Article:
Investors are increasingly eager to contribute to solutions for climate change and other environmental problems. Charlotte Kaiser ’07 of The Nature Conservancy’s NatureVest, explains how the company builds financial products that attract mainstream capital while delivering conservation impacts.
Modeling the economic consequences of climate change is difficult, uncertain work. In addition, any result is sure to be subjected to political attack. For decades, Yale's William Nordhaus has been developing models that can inform policy decisions.
Green tech investors want to put their money behind firms with the potential to disrupt their industries and bring both positive environmental impacts and financial success. But what’s disruptive is by its nature unprecedented and unpredictable. How do investors assess the potential of a green technology company?
Sustainability leaders often have to interact with a wide range of stakeholders with varied interests and incentives. They need to figure out the best way to engage, communicate, prioritize, and implement—in other words, to persuade. According to a panel of sustainability executives, that can mean sidestepping the language and baggage of sustainability entirely.
Does sustainability clear the fiscal hurdle? Yale Insights talked with Kurt Kuehn, chief financial officer for UPS, about how he evaluates sustainability initiatives in the face of a fast-changing and complex global market.
In a New York Times op-ed, Professor Robert Shiller writes that efforts to prepare for climate change should include the use of private institutions of risk management, such as insurance and securitization, to share risk and smooth the unpredictable effects of future disasters.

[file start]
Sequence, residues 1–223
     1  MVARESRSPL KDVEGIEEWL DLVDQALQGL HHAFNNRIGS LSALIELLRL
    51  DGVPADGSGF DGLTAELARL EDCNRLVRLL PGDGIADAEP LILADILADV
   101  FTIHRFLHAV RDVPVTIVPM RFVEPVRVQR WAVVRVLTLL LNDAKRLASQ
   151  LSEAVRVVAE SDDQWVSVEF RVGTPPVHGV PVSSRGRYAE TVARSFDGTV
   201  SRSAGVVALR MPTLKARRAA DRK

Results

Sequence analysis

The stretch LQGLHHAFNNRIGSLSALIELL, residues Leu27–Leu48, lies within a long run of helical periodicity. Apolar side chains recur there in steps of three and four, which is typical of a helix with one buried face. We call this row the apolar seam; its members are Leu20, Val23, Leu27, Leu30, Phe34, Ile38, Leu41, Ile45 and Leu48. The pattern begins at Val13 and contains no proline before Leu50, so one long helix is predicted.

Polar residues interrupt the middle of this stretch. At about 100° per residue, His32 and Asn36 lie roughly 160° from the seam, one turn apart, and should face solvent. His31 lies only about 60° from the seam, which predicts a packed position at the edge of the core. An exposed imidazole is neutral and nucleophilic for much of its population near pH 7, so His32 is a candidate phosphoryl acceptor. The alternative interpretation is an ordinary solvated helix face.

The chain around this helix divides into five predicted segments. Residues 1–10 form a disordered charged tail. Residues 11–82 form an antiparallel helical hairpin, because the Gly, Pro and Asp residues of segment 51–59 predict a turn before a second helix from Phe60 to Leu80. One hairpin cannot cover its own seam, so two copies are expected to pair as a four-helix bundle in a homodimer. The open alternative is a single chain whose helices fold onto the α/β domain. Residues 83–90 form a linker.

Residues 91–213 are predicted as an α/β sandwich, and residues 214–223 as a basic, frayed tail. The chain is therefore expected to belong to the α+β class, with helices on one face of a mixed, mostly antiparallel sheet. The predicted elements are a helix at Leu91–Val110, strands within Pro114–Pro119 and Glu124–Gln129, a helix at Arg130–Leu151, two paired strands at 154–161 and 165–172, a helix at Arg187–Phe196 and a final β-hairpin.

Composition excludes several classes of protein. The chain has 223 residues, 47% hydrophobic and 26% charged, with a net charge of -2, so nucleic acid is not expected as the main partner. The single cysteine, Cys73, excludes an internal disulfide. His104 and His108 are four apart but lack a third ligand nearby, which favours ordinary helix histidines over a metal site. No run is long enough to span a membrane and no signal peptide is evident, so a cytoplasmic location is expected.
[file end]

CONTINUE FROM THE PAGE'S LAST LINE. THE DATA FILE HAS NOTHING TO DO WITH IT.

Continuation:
The idea of “green banks”—public lending institutions designed to help finance private clean energy projects—has been around for a while, but states have recently begun establishing their own versions. With the federal government slow to innovate in the sector, state officials are hoping to provide crucial support for clean energy and spur economic growth. But to work, green banks require a rethinking of the nature of the private-public relationship.
Problems like climate change, resource depletion, and pollution can seem so large as to be beyond the capacity of any individual person, or even corporation, to address. Peter Bakker, president of the World Business Council for Sustainable Development, argues that business leaders can take a first step by incorporating sustainability concerns into how they think about risk management.
Perhaps the strongest argument for environmental sustainability within an organization is that it is critical to the mission. Deputy Assistant Secretary of the Army Richard Kidd ’93 explains why strategic thinking about sustainability is essential for the military.
Anupam Bhargava, CEO of Clearwater Systems, discusses the role of cleantech in ensuring a sustainable water supply.
The $1.5 trillion mining and metals sector supplies the feedstock for a large part of everyday life—from coal for power, to iron ore for steel girders, to the minerals and metals that are processed into the components of your iPhone. John Lichtenstein '83, a consultant and 30-year veteran of the sector, describes the state of this global industry and how one country—China—has an outsize influence on commodity prices everywhere.